By Brittany Anderson
KYLE — Like the meaning of her name, “hope,” Esperanza Orosco is instrumental in providing that to Hays CISD families and the community as a whole.
Orosco wears many hats. She has served on the Hays CISD Board of Trustees since 2016 and has been the director of the Hays CISD Clothes Closet since 2018 and HaysHope2Go since 2019.
As a former bilingual elementary school teacher for 11 years, Orosco became aware of some of the socioeconomic needs families faced in the district, starting with her own students.
“I noticed they didn’t have clothes that fit, or were torn,” Orosco said, an observation which snowballed into running a weekly clothes closet that families from other campuses even began to utilize.
Although the clothes closet on her campus eventually had to be shut down due to lack of space, she brought the idea up again once elected to the school board, offering to run the program for free. It wasn’t until current Superintendent Dr. Eric Wright was hired that the closet was able to make a comeback.
The Hays CISD Clothes Closet provides families in the district facing economic challenges with everything from toddler clothes and adult coats to shoes and prom outfits. During the 2021-2022 school year, the Clothes Closet filled over 700 requests for clothing, and have filled over 270 requests so far this year. Currently, it is holding a “Socktober” drive to collect new socks and underwear.
Orosco said she always knew she wanted to add a food portion to her outreach and in 2019, HaysHope2Go was initiated.
According to No Kid Hungry Texas, a nonprofit that helps combat childhood hunger, 25 percent of children in Texas struggle with food insecurity and that continues to rise with inflation and the cancellation of food assistance programs.
Hope2Go’s numbers staggeringly reflect this need. It provided 103,000 meals last year, and 7,400 meals have already been provided since July 1.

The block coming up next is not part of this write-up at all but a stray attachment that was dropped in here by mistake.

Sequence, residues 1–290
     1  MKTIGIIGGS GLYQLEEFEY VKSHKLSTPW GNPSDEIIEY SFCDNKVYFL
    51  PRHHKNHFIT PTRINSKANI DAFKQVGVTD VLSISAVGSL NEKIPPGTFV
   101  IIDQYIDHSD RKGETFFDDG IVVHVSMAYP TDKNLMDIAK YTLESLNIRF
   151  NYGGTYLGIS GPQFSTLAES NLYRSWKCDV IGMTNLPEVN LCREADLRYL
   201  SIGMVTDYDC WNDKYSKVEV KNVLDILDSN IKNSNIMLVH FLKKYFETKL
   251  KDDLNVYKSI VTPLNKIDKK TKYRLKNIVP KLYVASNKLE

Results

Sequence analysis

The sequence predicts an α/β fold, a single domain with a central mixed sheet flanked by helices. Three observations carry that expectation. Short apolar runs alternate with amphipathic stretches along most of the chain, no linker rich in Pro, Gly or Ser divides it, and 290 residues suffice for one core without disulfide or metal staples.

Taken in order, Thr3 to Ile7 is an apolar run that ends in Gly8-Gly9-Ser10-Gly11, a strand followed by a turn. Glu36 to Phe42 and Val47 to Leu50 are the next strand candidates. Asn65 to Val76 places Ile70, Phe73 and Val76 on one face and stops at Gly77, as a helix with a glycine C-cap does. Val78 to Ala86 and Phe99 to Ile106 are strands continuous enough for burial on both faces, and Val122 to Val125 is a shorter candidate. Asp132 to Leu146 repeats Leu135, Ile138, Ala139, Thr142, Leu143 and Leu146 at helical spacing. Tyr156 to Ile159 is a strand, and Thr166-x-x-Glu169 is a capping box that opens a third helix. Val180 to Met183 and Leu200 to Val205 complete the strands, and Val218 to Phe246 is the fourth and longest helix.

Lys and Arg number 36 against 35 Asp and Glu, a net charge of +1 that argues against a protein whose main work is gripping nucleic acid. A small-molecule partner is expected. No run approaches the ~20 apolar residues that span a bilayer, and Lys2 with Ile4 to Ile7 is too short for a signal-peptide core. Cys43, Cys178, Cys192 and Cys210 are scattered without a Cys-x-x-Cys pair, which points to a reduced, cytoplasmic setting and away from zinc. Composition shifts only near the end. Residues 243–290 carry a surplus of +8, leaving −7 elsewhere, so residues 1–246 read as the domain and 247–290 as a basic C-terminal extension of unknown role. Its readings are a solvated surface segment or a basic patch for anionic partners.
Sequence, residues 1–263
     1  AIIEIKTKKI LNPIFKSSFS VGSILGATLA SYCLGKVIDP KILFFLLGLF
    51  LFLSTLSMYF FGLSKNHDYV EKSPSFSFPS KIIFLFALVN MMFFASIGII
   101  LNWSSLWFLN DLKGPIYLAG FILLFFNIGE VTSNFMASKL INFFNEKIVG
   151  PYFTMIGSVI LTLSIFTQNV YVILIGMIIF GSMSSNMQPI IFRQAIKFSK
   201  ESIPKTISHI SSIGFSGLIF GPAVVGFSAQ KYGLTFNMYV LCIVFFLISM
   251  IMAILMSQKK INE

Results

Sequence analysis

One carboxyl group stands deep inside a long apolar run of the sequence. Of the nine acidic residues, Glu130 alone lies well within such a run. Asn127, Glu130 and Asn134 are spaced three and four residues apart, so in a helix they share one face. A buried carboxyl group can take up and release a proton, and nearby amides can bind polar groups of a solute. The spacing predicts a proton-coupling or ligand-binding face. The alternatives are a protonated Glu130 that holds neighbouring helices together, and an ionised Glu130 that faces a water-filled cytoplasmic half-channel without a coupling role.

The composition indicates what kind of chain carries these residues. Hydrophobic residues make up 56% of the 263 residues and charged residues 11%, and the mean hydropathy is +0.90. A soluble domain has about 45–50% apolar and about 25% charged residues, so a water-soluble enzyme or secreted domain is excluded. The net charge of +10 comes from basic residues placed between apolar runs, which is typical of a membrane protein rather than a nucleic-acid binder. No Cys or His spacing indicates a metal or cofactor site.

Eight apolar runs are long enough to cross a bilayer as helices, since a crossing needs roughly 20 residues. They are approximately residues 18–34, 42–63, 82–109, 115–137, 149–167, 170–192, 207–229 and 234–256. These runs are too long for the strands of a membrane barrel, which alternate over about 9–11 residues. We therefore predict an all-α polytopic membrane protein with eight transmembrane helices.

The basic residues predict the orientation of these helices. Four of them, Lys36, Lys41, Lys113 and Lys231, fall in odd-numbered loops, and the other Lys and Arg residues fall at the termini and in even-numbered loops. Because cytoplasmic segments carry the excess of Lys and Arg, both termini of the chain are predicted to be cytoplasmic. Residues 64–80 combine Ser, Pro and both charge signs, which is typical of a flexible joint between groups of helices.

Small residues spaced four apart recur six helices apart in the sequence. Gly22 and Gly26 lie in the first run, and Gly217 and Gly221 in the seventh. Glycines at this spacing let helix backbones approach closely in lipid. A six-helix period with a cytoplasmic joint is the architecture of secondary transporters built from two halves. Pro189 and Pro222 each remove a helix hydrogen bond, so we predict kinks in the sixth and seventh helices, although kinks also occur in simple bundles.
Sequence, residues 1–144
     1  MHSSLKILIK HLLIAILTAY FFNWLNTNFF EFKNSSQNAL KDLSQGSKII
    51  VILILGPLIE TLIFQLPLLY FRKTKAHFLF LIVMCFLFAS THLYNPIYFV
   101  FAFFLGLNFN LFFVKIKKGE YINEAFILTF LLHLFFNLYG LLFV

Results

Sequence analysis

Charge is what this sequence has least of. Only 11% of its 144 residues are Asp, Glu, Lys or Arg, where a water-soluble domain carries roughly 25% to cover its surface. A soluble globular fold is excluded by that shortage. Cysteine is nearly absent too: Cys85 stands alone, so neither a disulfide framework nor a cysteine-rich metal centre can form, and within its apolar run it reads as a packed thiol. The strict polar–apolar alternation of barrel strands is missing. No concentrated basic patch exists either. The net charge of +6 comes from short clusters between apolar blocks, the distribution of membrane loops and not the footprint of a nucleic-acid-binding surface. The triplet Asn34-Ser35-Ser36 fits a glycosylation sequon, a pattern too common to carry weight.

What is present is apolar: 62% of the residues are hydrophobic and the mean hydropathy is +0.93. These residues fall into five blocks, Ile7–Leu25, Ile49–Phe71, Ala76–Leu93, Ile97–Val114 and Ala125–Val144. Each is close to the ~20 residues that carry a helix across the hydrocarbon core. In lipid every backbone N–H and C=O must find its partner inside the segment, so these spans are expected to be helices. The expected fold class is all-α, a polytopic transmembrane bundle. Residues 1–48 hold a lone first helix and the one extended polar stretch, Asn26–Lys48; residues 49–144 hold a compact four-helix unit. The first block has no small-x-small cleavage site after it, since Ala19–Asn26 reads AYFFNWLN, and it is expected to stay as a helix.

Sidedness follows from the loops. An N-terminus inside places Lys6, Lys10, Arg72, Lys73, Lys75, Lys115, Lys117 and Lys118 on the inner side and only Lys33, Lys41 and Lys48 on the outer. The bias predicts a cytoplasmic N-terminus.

The program started off with just two big food events around Thanksgiving and Christmas, which spearheaded into personally distributing weekend food bags at two of the district’s lowest socioeconomic schools: Uhland Elementary and Camino Real Elementary.
After COVID-19 hit, the program’s model needed to change, and Orosco’s team now distributes to all schools districtwide.
While Hope2Go is a costly program to run, there is no overhead, and the team’s been able to form other partnerships that help, like with local organic farmers who provide them with veggies, meat, and milk. During the pandemic, Ilario’s Italian Restaurant in Kyle started donating 20 pounds of spaghetti to the Hope2Go program, something it has continued doing to this day.
The program has also been able to receive two $15,000 grants from No Kid Hungry Texas, which went towards buying food and infrastructure such as refrigerators and crates.
While the pandemic caused some challenges for both the Clothes Closet and Hope2Go, the programs have come out stronger than ever thanks to the seemingly never-ending support from the community.
PTA’s and student councils often help organize drives, and Orosco said that the community is very responsive when callouts are made when certain items are needed. Students from every grade level, Girl and Boy Scouts, businesses and church groups also often volunteer their time.
Orosco has countless stories of being touched by the families who come in and express their gratitude for the services, having lost a job or are dealing with a mountain of bills. Seeing that they are not alone is a huge relief for them, knowing that these struggles could hit anyone and at any time.
“We had a little girl who was shopping [at the Clothes Closet]. She was in first grade, and she was so excited about the dress she picked out,” Orosco said. “To her, it was like, ‘This is a brand new outfit, and I’m going to look so good for school.’ It was just a gently used dress, but to her, it meant the world. You could see her confidence, and it was amazing to see.”
The only requirement to receive help from either program is that the family have a student in the district, although they occasionally get referrals from nonprofit organizations and first responders and will take care of their needs as well.
Before the pandemic, if families received assistance from either program on a regular basis, they had to volunteer their time — something that Orosco hopes to implement again this year.
“If you had five kids and you used [the program] more than once, you had to donate five hours a month. So, they were vested,” Orosco said. “We don’t want to do toxic giving. We want to empower families to break out of the cycle of poverty and take ownership. … We want to make sure that everybody leaves with a sense of dignity and keeps their integrity.”
Orosco continues to burst with ideas for the future of the programs, saying that they add something new every year. This year, they started collecting school supplies, and are looking for more building space to expand into within the next couple of years.
Orosco knows that the need for these programs is not going to slow down with the rate of the district and county’s growth — but the differences they have made are already palpable and truly leave a sense of hope.
Visit the following links to find more information on the Clothes Closet and HaysHope2Go:
Both are located at 3939B E FM 150 in between Simon Middle School and Hemphill Elementary School in Kyle.